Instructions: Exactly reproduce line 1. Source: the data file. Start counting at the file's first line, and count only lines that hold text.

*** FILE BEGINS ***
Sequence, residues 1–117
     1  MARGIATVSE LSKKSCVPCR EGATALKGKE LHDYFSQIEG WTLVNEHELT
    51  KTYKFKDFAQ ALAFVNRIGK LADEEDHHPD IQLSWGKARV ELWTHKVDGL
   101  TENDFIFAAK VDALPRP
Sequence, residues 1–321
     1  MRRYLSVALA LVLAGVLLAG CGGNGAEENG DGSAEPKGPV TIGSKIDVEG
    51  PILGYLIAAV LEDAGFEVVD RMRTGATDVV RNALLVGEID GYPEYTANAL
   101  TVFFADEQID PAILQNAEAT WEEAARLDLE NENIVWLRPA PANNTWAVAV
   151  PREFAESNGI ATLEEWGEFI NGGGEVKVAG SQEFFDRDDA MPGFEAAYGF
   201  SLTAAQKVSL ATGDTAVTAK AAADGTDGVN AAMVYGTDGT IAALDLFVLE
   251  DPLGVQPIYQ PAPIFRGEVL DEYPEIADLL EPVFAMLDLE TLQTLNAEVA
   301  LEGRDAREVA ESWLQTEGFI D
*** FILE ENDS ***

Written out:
Sequence, residues 1–117